Recent publications on citizenship laws and policies


Morphing the Demos into the right shape. Normative principles for enfranchising resident aliens and expatriate citizens

By Rainer Bauböck, Democratization (2015)

In this article, Rainer Bauböck criticizes, first, democratic inclusion principles that are indeterminate with regard to democratic boundaries and indifferent towards the structural features of polities. He suggests that a democratic stakeholder principle passes these critical tests and can be applied to democratic polities of different kinds. Second, he compares birthright-based and residence-based membership regimes at state and local levels and considers how they can accommodate international migrants. In the third and final part, the author argues that these two regimes are not freestanding alternatives between which democratic polities have to choose, but are combined in a multilevel architecture of democratic citizenship, in which the inclusion and exclusion dynamics of birthright and residence mutually constrain each other and every individual is included as a citizen in both types of polities.

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Acquisition of Nationality as Migration Policy

by Andreu Domingo and Enrique Ortega-Rivera, in Applied Demography Series Volume 5, 2015, pp 29-54

Spain is coming to the end of its first wave of mass international migration, with Latin Americans being clearly predominant during this unprecedented period of immigration. During the 2000 s, various incentives and strategies including bilateral labor agreements between Spain and Latin American countries were issued, and represented the government’s strategy to assist and encourage immigration from Latin America, mostly due to the well-established historical ties from Spain’s past as a colonial power in the region as well as its tradition as a country of emigration, particularly to Latin American countries. The range of comprehensive government policies on migration and the existence of a legal framework based on shared cultural traits (such as language and traditions), together with the preferential treatment received under Spanish nationality law (e.g. a reduced 2-year residence requirement to apply for naturalization), have had a measurable effect in the form of growing numbers of immigrants from Latin America. Although the link between demographic and citizenship issues have had very low profiles in the political arena, we argue in this chapter for its importance in shaping the various forms of current international migration, especially with regard to subsequent circular migration and re-migration, in the midst of an economic recession.

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Super-foreigners and Sub-citizens: Mapping Ethno-national Hierarchies of Foreignness and Citizenship in Europe


By Costica Dumbrava, Ethnopolitics (published online: 7 Jan 2015)

From the viewpoint of the state, a person is either a citizen or a foreigner. National citizenship laws divide people into citizens and foreigners. But citizenship laws also differentiate between categories of citizens and foreigners by granting certain foreigners (super-foreigners) preferential admission to citizenship and by restricting citizenship rights and privileges to certain citizens (sub-citizens). This article analyses comparatively current legal rules on the acquisition and loss of citizenship and on the exercise of citizenship privileges in 38 European countries in order to map ethno-national hierarchies of foreignness and citizenship. It builds a typology of ethno-national rules of citizenship and challenges widely held theses about the liberalisation and de-ethnicisation of citizenship regimes in Europe.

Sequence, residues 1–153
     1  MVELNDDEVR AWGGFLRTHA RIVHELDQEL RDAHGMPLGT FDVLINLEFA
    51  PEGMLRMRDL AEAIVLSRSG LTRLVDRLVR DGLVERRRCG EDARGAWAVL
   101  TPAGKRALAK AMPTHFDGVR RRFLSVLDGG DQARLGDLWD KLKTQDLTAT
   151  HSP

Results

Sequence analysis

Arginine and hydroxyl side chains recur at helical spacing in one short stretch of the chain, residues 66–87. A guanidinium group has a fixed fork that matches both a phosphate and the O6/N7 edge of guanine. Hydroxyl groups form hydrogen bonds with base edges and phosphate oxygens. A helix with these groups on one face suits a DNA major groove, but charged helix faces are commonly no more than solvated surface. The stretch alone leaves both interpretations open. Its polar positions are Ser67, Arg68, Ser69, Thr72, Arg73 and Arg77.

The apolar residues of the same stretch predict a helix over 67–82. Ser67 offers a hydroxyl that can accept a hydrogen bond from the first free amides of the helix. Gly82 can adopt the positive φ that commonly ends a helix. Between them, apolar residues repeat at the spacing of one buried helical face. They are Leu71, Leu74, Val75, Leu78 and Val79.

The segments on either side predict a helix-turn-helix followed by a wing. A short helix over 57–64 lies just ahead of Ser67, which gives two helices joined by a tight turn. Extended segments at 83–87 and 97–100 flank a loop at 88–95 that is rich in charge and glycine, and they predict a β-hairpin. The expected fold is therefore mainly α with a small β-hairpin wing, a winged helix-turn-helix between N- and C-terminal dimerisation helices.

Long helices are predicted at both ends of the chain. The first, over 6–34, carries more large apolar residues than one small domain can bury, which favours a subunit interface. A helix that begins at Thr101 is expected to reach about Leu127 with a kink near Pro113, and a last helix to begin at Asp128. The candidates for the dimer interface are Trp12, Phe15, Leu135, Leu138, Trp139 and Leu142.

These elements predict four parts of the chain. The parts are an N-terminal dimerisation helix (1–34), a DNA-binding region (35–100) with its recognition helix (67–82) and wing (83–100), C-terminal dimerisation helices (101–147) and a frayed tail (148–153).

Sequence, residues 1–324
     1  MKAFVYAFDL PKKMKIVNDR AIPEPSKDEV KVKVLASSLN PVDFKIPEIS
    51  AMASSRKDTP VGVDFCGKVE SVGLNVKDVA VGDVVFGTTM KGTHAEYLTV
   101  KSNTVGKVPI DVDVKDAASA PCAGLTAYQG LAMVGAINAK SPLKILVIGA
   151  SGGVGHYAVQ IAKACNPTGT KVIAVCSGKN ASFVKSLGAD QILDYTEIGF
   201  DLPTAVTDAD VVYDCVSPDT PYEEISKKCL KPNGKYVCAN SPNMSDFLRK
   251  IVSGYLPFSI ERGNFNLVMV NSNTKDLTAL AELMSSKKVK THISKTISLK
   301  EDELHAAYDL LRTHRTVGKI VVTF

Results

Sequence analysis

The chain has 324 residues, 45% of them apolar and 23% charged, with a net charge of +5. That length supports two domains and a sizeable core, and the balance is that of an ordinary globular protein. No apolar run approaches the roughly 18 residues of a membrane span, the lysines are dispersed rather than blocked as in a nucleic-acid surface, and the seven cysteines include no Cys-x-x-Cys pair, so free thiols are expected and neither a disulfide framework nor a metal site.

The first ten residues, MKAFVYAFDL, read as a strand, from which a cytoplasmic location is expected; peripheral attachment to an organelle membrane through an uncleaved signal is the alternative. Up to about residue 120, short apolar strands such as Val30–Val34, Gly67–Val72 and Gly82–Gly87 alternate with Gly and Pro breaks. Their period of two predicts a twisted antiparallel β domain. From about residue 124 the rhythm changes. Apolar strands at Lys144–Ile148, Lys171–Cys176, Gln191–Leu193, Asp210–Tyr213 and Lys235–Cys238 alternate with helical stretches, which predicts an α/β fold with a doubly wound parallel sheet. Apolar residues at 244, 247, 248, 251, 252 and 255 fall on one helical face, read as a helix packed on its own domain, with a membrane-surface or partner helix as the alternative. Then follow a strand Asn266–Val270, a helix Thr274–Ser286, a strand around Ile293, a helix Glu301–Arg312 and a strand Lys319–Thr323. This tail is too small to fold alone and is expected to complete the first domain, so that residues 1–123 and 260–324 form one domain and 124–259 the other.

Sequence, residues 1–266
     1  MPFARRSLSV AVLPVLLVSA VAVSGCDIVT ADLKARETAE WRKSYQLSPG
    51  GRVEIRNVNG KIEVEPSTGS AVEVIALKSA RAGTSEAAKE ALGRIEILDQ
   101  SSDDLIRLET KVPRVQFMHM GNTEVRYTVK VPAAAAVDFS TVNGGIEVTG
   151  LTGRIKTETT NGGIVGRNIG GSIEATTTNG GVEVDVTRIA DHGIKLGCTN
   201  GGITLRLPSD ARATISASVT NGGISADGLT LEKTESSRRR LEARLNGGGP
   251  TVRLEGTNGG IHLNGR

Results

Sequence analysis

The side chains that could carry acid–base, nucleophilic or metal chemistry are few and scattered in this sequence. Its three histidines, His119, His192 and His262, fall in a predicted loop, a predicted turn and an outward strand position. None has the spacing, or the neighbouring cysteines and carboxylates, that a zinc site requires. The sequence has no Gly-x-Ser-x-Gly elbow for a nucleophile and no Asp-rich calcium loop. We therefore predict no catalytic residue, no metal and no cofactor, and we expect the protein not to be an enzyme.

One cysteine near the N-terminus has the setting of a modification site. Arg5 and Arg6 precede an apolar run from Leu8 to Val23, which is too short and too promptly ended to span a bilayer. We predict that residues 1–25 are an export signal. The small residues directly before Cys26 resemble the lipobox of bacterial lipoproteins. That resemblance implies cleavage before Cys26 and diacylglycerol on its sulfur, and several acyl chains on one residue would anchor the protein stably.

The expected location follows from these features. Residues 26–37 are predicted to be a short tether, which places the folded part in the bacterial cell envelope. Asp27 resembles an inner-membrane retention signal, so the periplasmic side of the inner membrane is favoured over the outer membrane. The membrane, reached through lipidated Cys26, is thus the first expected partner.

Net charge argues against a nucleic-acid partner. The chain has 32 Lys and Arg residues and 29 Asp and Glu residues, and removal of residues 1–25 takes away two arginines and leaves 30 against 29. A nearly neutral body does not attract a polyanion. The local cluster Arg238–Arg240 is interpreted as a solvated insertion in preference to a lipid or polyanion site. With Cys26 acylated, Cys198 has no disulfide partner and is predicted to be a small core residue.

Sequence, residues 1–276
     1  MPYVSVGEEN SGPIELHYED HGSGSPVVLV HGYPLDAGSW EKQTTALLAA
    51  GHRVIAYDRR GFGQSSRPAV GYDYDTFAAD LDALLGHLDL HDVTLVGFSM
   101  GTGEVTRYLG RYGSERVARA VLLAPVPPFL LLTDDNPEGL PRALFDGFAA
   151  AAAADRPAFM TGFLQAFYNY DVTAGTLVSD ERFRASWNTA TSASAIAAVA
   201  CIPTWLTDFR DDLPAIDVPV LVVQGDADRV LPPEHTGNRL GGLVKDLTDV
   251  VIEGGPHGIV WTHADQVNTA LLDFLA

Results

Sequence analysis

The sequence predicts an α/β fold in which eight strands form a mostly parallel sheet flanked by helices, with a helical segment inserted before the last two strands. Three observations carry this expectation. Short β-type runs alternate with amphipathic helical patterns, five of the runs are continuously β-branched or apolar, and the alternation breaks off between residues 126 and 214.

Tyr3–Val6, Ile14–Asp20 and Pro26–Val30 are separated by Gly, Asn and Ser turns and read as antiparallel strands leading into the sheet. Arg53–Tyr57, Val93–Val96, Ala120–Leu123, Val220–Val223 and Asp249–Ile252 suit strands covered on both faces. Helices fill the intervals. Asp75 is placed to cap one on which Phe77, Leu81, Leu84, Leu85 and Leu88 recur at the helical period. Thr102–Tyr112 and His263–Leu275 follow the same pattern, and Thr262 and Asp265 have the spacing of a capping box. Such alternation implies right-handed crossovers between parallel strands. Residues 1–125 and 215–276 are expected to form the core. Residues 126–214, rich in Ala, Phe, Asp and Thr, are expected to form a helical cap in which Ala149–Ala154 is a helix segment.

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Uneven Citizenship: Minorities & Migrants in the Post-Yugoslav Space


Edited by Gëzim Krasniqi and Dejan Stjepanovic, Ethnopolitics, vol.14, Issue 2 (2015)

A special issue of Ethnopolitics has just been published which features the work of members of the CITSEE team. The Europeanisation of Citizenship in the Successor States of the Former Yugoslavia (CITSEE) was a study of the citizenship regimes of the seven successor states of the former Yugoslavia (Bosnia-Herzegovina, Croatia, Kosovo, Macedonia, Montenegro, Serbia, Slovenia).

The special issue revolves around the relations between citizenship and various manifestations of diversity including, but going beyond, ethnicity. A number of interesting recent attempts to rethink citizenship are addressed by the addition of ‘uneven citizenship’ to the debate. While referring to uneven citizenship the special issue not only engages with exclusionary legal, political and social practices but also other unanticipated or unaccounted for results of citizenship policies. The individual papers address statuses, rights, and duties of refugees, internally displaced persons (IDPs), returnees, Roma, ‘claimed co-ethnics’ as well as various interactions between dominant and non-dominant groups in the post-Yugoslav space.

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The World's Stateless Report


by the Institute on Statelessness and Inclusion, December 2014

The inaugural World’s Stateless report explores currently available statistical data and discusses the challenges involved in accurately mapping or quantifying statelessness. From this analysis, the report distills recommendations to states, UNHCR and civil society on how to improve data collection and reporting on statelessness.

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